Argentina’s Congress passes social security “reform” after violent crackdown on protesters

The right-wing government of President Mauricio Macri succeeded Tuesday in pushing sweeping pension “reform” legislation through Argentina’s Congress, raising the retirement age from 65 to 70 for men and from 60 to 63 for women and slashing benefits for more than 40 percent of the Argentine population, including the elderly, the disabled and children living in poverty.

The Tuesday morning 128-116 vote followed days of angry protests, including violent clashes in the streets of Buenos Aires on Monday that saw over 100 people injured and dozens arrested.

The streets of the Argentine capital were the scene on both December 14 and this Monday of state terror reminiscent of the 1980s, during the waning days of the Argentine military junta (1976-1983).

On the morning of Thursday December 14, hundreds of riot police armed with tear gas, rubber bullets, paint balls, batons and pepper spray, and equipped with motorcycles and water cannons, set up barriers around the Argentine Congress. The mass deployment of repressive forces was in response to the expectation of mass protests against the vote in the lower house for the pension “reforms.”

At around 2 PM last Thursday, thousands of demonstrators facing off with police were attacked with high-pressure streams from water cannons and with tear gas. The attacks by the riot police would continue for five hours.

Periodically the riot police would open up the barricades, clearing the path for motorcycle-mounted police firing tear gas and rubber bullets, with swarms of police on foot singling out people, choking and hitting them with batons. Nobody was spared, not even members of the Chamber of Deputies or members of the press.

The repression is indicative of the government’s fear of a social explosion. While President Mauricio Macri’s ruling Cambiemos coalition obtained 42 percent of the votes in October’s legislative elections, it has become evident that, rather than a vote of confidence in Macri’s right-wing austerity policies, the election was a rejection of the Peronist parties (Frente Para la Victoria, and Partido Justicialista).

Now, as the Macri administration proceeds with a policy of austerity attacks on the past conquests of the working class, such as the slashing of social security, to be followed by legislation in the next few months to roll back working conditions, for the benefit of the Argentine landed and industrial oligarchies, international big business and Wall Street vulture funds, conditions are building up for an intensification of class struggle.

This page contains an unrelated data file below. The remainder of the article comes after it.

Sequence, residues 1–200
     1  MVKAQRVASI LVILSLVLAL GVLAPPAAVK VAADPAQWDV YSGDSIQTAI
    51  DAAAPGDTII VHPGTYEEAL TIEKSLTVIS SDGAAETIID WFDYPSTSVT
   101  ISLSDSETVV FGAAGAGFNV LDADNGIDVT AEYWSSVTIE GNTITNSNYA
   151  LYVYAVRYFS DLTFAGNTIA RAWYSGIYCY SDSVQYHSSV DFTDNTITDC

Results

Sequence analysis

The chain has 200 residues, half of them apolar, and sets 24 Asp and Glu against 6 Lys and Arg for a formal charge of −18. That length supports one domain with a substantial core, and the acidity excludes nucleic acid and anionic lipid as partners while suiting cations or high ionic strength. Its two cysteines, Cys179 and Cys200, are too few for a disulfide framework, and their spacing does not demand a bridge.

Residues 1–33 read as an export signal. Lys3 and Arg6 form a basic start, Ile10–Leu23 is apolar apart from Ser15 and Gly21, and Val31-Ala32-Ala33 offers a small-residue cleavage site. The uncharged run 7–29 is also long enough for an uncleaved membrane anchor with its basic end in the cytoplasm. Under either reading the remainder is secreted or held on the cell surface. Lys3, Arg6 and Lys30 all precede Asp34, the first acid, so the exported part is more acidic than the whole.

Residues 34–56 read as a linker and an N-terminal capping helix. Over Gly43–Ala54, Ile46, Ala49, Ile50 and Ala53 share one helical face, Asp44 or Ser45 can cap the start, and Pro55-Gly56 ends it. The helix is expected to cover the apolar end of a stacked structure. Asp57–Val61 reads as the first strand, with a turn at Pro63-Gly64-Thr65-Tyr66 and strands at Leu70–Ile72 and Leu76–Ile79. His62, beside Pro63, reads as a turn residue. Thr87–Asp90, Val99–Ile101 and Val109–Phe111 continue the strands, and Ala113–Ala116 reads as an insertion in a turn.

As Congress members assembled inside the chamber of deputies, tens of thousands congregated in the Plaza del Congreso and faced off against the police, to express mass opposition to an attack on social security payments and welfare measures that had already been approved by the Senate.

In part because of the enormous national opposition to that measure, the government coalition of Cambiemos and Partido Justicialista was initially unable to obtain a quorum in the chamber of deputies, much less a majority vote for the “reforms.”

The measures represent a wholesale assault on pensions and welfare payments that changes the cost of living allowance formula that is used to restore purchasing power from the country’s yearly inflation (estimated at 27 percent this year and higher for 2018). The current formula is based on a calculation of the number of workers in the formal sector and the amount of money being paid into the Social Security Administration (ANSES). Social Security payments are updated every three months. The formula also serves to cover subsidies for children of families that are disabled or in poverty (the AUH program).

The new formula will rely 70 percent on the rate of inflation and 30 percent on an index of wages. It is expected to save the government some sixty billion pesos (US $3.5 billion) and US $4.7 billion next year.

Under the old formula, a minimal monthly pension of 7,244 pesos (US $400) would rise in two steps to 9,602 pesos by next December. The new formula doubles the number of steps, slashing the December payment to 8,640 pesos. The average retiree receives 10,000 pesos a month (US $570), far less than what is considered a living wage, estimated at 17,000 pesos per month (US $970). Many retired workers report not being able to afford medications or decent medical care, and living in substandard housing.